Turkish Policy Quarterly Vol 7, No. 1 (Spring 2008)
"State, Religion, Identity and Politics: Turkey Updated"

Nigar Göksel

Nigar Göksel
ESI Senior Analyst

From the desk of the editor

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Hakan Yılmaz

Hakan Yılmaz
Hakan Yılmaz is Professor at the Department of Political Science and International Relations, Bogaziçi University, Istanbul, and the executive coordinator of Bogaziçi University's Master of Arts Program in European Studies.

Based on data collected in research, the author analyzes the trends of conservatism in Turkey observing that conservatism is higher among rural and provincial residents, among people with lower education and income, and of more rightwing orientation. The author remarks that as a segment of society rises in socioeconomic status while being politicized through religious parties, there may be a trend of reinterpreting Islam to be more congruent with the modern city realities. Another possibility is that religion will be taken as an unchanging realm and instead a stark division will come about in cities, between those of different lifestyle and worldviews.

TPQ-article: "Conservatism in Turkey"

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Mustafa Akyol

Mustafa Akyol
Mustafa Akyol is the deputy editor of Turkish Daily News. This piece is an updated version of his article "Turkey's Veiled Democracy", published in The American Interest, November-December 2007 issue.

For many decades, Arabs and other Muslim nations saw Turkey as a lost cause, a country which abandoned its own faith and civilization. That why, despite the customary rhetoric, Turkey never served as an example of the compatibility of Islam and modernity. It represented instead the abandonment and even suppression of the former for the sake of the latter. But that a bad message for the Islamic world: When a devout believer is forced to choose between religion and modernity, he will opt and even fight for the former.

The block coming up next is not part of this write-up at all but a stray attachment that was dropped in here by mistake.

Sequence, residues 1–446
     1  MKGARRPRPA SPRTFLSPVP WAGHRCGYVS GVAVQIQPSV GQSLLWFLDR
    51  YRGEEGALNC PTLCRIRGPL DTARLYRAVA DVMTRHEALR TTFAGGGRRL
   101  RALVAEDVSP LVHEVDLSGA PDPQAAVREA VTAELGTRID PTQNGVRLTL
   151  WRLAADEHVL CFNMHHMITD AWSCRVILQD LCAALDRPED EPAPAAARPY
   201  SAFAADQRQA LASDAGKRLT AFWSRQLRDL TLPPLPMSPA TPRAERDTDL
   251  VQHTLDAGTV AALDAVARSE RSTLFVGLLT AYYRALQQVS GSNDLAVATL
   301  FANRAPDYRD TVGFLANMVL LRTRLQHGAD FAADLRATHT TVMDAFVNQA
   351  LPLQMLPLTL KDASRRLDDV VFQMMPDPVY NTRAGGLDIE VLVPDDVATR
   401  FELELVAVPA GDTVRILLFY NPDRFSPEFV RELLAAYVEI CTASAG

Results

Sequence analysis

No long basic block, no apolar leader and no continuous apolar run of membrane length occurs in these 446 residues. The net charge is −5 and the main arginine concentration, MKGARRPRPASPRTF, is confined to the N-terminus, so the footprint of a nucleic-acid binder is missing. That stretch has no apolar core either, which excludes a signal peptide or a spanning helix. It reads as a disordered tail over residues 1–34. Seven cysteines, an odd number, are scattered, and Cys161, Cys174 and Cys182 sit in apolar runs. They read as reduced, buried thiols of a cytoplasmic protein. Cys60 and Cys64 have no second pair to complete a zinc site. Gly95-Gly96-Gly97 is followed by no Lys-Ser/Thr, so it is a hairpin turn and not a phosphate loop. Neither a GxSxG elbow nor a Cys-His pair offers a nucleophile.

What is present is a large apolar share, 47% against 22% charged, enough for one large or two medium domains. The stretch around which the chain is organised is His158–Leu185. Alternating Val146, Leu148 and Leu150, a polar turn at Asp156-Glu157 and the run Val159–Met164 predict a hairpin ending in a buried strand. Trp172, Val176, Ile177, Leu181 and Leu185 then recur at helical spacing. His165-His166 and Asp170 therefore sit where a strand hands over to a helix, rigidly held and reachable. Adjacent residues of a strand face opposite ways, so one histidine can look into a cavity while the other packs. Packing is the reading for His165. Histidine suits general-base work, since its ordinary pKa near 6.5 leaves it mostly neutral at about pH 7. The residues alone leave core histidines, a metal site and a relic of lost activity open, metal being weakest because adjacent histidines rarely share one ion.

TPQ-article: "Turkey's liberal Islam and how it came to be"

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Ekrem Eddy Güzeldere

Ekrem Eddy Güzeldere
Ekrem Eddy Güzeldere is an analyst for the European Stability Initiative (ESI) in Istanbul.

The article explores whether the current Turkish government has a comprehensive plan towards improving the situation in Southeast Anatolia and granting cultural and political rights to Kurds. Since the landslide victory of the AKP in the July 2007 general elections, there has been much talk about such a plan, but hardly any concrete steps have been apparent. Though there is an abundance of ideas, the political will to implement them seems weak. Close cooperation with the military in the fight against terrorism as well as AKP's effort to cater to Turkish nationalist segments of society narrows the possibilities for political maneuver.

TPQ-article: "Was there, is there, will there be a Kurdish plan?"

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Filiz Bikmen

Filiz Bikmen
Filiz Bikmen is manager of institutional development and programs at Sabanci Foundation, Advisor to the Chairman, TÜSEV.

The author provides an overview of developments in the landscape, laws, and perception of civil society organizations in Turkey and the interplay with philanthropy. She points out that Turkish foundations have not yet made the shift from supporting the 'hardware' of institutions to 'software' community engagement, though there are exceptions budding in recent years. She further argues that a significant challenge ahead is the reform of the tax framework for philanthropy.

TPQ-article: "From hardware to software, charity to strategy: A roadmap for progressive philanthropy in Turkey"

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David Arnett

David Arnett
David Arnett is the Former U.S. Consul de General in Istanbul.

That the United States "has sought to use Turkey as a model of a moderate Islamic state for the Middle East" is a conviction which resonates widely in Turkey with far reaching implications, for not only Turkey-U.S. relations but also Turkey's democratization. The author refutes the arguments this conviction rests upon. Particularly delving into the changing currents in the Turkish military and the internal power balances, he points out the risks posed by conspiracy theories and the irresponsible evoking of notions of honor as Turkey "stumbles" into the 21st century.

TPQ-article: "Problems of perception and vision: Turkey and the U.S."

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Daniel Grütjen

Daniel Grütjen
Daniel Grütjen is a Political Scientist living in Berlin and Istanbul. He is currently working on his PhD thesis on the transformation of the Turkish welfare regime.